Where there is administrative will there is a way: A silent cleanliness revolution in a Telangana district (IANS Special Series)
Three years is a brief period in the life of a district but in this short span of time, Peddapalli not only emerged as a model for the entire state of Telangana but also attracted national attention by bagging the cleanest district in India award.
Declared the overall best performing district under the Swacch Sarvekshan (Gramin) of the Swacch Bharat Mission, it is showing to the entire country how change can be brought about if the district administration has the will and commitment to make use of available resources.
A silent revolution is sweeping through the district as all 263 villages have undergone a total makeover, helping the district win six national awards in two years.
Avenue plantations on either side of the roads with tree guards bearing names of the donors greet visitors to the villages in the district. A toilet, a soak pit, a compost pit, a kitchen garden in every rural household, a 'beautiful' and well-maintained community toilet in every village and other initiatives have changed the face of the district.
The transformation is visible as one drives through Kalvacherla, a village with a population of over 4,500. Women returning from a local programme were seen carrying their belongings in non-woven bags as an alternative to plastic bags while a roadside container had waste plastic items, waiting to be picked up by sanitation workers.
Carved out of Karimnagar district as part of the reorganisation of districts in India's youngest state in 2016, Peddapalli began the journey from scratch with hardly any infrastructure and few officials willing to work in a place lacking even a good hotel to eat.
Once a hotbed of Maoists, the district with a population of nearly eight lakh was declared Open Defecation Free (ODF) in 2017, but it was still a long way from reaching ODF+ goals.
Today, it stands as a role model thanks to the path-breaking initiatives taken in sanitation, waste management, menstrual hygiene, greenery and other areas in last two years under the leadership of District Collector A. Devasena.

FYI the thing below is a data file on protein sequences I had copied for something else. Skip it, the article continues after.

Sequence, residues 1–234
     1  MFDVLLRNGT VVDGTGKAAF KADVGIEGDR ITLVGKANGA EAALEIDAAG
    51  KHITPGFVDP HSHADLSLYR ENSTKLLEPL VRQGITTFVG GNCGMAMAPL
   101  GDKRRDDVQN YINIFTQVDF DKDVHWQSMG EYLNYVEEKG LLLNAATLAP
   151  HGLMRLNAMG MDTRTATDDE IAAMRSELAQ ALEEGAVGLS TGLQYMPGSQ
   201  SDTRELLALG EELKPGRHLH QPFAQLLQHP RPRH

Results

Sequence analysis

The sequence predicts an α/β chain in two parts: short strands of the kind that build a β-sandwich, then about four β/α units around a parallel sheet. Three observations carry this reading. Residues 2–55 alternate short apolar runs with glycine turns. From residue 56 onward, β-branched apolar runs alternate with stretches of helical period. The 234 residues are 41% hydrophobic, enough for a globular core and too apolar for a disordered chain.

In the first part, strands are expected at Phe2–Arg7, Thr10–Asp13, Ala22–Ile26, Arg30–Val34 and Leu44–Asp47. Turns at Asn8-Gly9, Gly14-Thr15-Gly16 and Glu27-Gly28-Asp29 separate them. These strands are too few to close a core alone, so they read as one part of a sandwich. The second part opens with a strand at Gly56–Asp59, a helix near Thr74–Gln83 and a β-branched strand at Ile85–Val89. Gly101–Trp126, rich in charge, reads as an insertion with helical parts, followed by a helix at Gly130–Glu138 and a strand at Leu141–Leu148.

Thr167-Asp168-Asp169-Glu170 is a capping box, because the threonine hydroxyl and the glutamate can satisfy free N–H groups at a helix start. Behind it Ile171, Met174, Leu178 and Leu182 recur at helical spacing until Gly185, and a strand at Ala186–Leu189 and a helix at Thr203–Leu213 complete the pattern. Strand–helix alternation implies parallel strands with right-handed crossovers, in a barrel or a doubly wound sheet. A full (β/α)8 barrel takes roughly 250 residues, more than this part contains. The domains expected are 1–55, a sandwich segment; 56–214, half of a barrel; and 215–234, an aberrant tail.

Under her dynamic leadership, the district turned free from open drain. All household drain water is routed to a soak pit, eliminating the breeding ground for mosquitoes.
"At a time when entire Telangana is battling unprecedented rise in the incidence of dengue, Peddapalli succeeded in bringing down mosquito borne diseases by 85 per cent this year," Devasena told IANS at a shed serving as her temporary office.
Only last year, Peddapalli was declared a high-risk district for dengue.
The individual soak pits and community soak pits also ensured percolation of water into the ground, thus helping in water conservation.
Under another major activity, about 1,000 km of staggered trenches, contour trenches and boundary trenches were constructed across the hills and hillocks, facilitating percolation of rain water in the trenches.
A unique activity called 'seed bombing' was taken up for greening of the hilly areas. Under this ancient technique, seeds of forest species are tucked into mud balls, made of a mixture of clay and red soil, which is mixed with Jeevamruth (an organic liquid manure), dried in the shade and then dispersed over hills and hillocks. A record number of 2.24 crore seed balls were prepared and dispersed on the hills and hillocks with 60 to 80 per cent plant survival rate.
The district administration also ensured plantation of six lakh plants with the participation of women.
Going beyond sanitation, Peddapalli also became the only district in the country to have its own brand of sanitary napkins called 'Sabala'. A women's self-help group (SHG) is running the plant, manufacturing hygienic, high quality, affordable and biodegradable sanitary napkins.
"This initiative for women by women has ensured that menstrual hygiene is available at the doorsteps of women in every household through the extensive SHG network," Devasena said.